Do we listen enough to children? Adults are always talking about young people - how they should be educated, which books they should read - but rarely stop to listen to their views and opinions.
Sometimes this is desperately serious, and horrific abuse takes place unchecked because no one pays attention to the victims. But often it’s an oversight, a lack of interest in children’s firsthand experience. What do five year olds think of the phonics method of learning to read? Has anyone thought to ask?
It’s sad, because extraordinary things can happen when children are encouraged to write about their lives. Take two girls, Malala and Martha, two of the highest profile bloggers in the world.
Malala Yousafzai was flown to the UK this week after being shot in the head by the Taliban for speaking out in support of girls’ education. Malala, 14 started blogging for the BBC Urdu service when she was 11 years old. She wrote anonymously at first, describing life under Taliban rule in her home region in northwest Pakistan. Her writing is clear, descriptive, engaging and fearless. Later she put aside her anonymity to campaign for girls’ education .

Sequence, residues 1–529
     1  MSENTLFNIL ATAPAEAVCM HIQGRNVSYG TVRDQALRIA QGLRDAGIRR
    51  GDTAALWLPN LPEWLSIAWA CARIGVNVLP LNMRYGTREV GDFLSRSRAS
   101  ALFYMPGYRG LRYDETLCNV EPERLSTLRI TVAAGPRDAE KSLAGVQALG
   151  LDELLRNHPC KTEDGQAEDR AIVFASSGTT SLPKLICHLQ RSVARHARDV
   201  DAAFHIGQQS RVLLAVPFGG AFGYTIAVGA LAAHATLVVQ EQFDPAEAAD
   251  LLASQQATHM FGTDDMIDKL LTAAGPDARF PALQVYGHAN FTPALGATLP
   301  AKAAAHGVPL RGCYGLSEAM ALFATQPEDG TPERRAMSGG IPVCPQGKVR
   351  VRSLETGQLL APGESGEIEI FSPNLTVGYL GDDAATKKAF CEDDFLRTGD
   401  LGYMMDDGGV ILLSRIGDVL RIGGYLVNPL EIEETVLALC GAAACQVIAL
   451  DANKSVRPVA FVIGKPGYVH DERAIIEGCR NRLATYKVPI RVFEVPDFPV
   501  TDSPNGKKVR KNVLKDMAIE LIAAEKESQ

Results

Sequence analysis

Her father backed her, despite the risk. He told the BBC " I think that not talking was a greater risk than that because then ultimately we would have given in to the slavery and the subjugation of ruthless terrorism and extremism.”
Martha Payne was nine years old when she started writing her blog, Never Seconds, a record of her lunches at school in Scotland. Who could have predicted what an impact she would have? Martha’s blog readership grew as she started posting school dinners from around the world. Then local council officials tried to ban her blog. Their heavy-handed censorship had a fantastic outcome. Martha got thousands of new supporters, she used the extra attention to raise money for a charity Mary’s Meals, which provides food for schoolchildren in Africa, the council backtracked and Martha raised more than £115,000 to build a school kitchen in Malawi. Last week Martha visited the school and met the children,whose lives will be changed with a nutritious meal in the middle of the day. Heraccount of her trip was excellent journalism – descriptive, clear, full of telling anecdotes. Martha's story is now going to be a children's book, and I hope it will inspire other schoolchildren to start documenting their lives.